On the Future of our Educational Institutions

By Friedrich Nietzsche

Page 18

out, I think,
that in the eyes of the present age, which is so intolerant of
anything that is not useful, such purposeless enjoyment of the moment,
such a lulling of one's self in the cradle of the present, must seem
almost incredible and at all events blameworthy. How useless we were!
And how proud we were of being useless! We used even to quarrel with
each other as to which of us should have the glory of being the more
useless. We wished to attach no importance to anything, to have strong
views about nothing, to aim at nothing; we wanted to take no thought
for the morrow, and desired no more than to recline comfortably like
good-for-nothings on the threshold of the present; and we did--bless
us!

--That, ladies and gentlemen, was our standpoint then!--

Absorbed in these reflections, I was just about to give an answer to
the question of the future of _our_ Educational Institutions in the
same self-sufficient way, when it gradually dawned upon me that the
"natural music," coming from the philosopher's bench had lost its
original character and travelled to us in much more piercing and
distinct tones than before. Suddenly I became aware that I was
listening, that I was eavesdropping, and was passionately interested,
with both ears keenly alive to every sound. I nudged my friend who was
evidently somewhat tired, and I whispered: "Don't fall asleep! There
is something for us to learn over there. It applies to us, even
though it be not meant for us."

For instance, I heard the younger of the two men defending himself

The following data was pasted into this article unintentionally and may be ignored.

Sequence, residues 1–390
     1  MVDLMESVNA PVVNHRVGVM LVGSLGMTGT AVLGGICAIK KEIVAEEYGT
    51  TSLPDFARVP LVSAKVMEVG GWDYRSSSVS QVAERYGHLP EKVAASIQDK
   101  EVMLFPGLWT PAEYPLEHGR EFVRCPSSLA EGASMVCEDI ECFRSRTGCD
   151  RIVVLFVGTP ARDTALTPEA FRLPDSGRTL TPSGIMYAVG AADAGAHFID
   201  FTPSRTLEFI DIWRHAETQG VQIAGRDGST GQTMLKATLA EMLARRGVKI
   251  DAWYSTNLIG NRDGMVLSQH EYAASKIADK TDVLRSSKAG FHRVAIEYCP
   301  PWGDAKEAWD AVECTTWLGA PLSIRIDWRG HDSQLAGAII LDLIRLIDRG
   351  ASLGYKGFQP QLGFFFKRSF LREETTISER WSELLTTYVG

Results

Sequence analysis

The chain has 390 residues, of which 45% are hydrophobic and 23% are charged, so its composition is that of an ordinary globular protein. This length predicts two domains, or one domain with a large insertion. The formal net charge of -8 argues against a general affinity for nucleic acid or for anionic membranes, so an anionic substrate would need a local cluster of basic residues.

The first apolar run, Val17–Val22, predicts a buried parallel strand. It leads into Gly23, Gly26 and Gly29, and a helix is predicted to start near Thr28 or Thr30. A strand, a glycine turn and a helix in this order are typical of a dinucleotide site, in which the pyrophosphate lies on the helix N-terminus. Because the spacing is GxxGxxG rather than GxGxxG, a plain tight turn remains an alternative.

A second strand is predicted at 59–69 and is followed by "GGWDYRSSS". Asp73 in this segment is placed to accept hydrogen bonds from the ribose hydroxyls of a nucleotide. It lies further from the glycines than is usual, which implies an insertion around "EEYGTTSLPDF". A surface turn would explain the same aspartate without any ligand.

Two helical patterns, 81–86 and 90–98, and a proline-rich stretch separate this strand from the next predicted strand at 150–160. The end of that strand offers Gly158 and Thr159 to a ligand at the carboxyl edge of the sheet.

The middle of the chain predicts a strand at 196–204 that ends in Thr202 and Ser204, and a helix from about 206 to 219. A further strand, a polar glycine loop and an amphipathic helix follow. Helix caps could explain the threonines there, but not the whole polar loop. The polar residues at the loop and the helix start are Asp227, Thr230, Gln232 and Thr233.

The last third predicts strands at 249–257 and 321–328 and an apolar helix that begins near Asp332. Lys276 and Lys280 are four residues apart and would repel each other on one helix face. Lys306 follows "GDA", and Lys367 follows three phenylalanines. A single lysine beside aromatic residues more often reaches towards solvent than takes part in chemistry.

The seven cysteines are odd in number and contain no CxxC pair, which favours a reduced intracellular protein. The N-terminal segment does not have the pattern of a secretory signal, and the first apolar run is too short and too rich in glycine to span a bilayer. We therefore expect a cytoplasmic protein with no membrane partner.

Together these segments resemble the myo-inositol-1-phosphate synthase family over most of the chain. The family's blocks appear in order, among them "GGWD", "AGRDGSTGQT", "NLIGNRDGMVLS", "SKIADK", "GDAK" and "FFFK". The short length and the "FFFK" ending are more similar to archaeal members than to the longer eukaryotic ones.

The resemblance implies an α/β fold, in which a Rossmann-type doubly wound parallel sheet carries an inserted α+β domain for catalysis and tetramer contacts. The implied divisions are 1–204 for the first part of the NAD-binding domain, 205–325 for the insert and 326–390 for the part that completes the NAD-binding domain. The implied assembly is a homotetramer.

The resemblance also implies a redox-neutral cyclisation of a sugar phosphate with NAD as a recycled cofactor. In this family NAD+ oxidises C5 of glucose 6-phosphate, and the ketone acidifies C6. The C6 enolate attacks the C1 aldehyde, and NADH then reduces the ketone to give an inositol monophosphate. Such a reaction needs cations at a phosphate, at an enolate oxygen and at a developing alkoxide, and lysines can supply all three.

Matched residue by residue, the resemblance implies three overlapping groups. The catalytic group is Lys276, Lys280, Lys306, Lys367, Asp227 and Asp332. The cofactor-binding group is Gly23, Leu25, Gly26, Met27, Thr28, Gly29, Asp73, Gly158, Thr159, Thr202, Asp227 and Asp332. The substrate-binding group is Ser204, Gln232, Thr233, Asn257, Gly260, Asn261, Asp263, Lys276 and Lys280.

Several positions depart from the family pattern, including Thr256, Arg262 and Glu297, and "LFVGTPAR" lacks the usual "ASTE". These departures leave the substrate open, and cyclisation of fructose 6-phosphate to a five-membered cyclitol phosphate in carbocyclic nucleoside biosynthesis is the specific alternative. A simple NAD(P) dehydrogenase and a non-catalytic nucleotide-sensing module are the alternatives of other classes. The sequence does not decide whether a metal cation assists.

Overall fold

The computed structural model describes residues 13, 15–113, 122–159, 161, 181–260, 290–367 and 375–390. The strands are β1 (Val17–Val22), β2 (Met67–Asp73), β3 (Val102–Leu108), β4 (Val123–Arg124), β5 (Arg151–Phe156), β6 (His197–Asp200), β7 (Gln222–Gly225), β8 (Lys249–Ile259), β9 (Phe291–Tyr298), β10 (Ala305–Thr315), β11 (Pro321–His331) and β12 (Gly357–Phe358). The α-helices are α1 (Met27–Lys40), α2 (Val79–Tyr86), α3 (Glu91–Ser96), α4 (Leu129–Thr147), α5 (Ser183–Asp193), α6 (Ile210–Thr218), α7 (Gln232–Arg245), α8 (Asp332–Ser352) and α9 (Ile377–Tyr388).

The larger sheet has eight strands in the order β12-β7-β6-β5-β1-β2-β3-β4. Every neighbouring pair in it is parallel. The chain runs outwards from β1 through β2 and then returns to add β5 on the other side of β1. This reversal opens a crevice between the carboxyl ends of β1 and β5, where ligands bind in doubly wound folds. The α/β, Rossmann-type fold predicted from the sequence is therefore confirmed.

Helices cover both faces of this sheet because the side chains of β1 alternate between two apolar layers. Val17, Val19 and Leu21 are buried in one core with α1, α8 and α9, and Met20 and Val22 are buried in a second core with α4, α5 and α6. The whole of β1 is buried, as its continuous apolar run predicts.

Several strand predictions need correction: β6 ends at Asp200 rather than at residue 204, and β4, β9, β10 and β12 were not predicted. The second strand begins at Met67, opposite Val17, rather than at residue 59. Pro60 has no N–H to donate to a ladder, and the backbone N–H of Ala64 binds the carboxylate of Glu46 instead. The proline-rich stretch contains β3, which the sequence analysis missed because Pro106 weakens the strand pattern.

with great animation while the philosopher rebuked him with ever
increasing vehemence. "You are unchanged," he cried to him,
"unfortunately unchanged. It is quite incomprehensible to me how you
can still be the same as you were seven years ago, when I saw you for
the last time and left you with so much misgiving. I fear I must once
again divest you, however reluctantly, of the skin of modern culture
which you have donned meanwhile;--and what do I find beneath it? The
same immutable 'intelligible' character forsooth, according to Kant;
but unfortunately the same unchanged 'intellectual' character,
too--which may also be a necessity, though not a comforting one. I ask
myself to what purpose have I lived as a philosopher, if, possessed as
you are of no mean intelligence and a genuine thirst for knowledge,
all the years you have spent in my company have left no deeper
impression upon you. At present you are behaving as if you had not
even heard the cardinal principle of all culture,

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FOULIS 13 & 15 FREDERICK STREET EDINBURGH: & LONDON 1910 ------------------------------------------------------------------------ ALL RIGHTS RESERVED Printed at THE DARIEN PRESS, _Edinburgh_.
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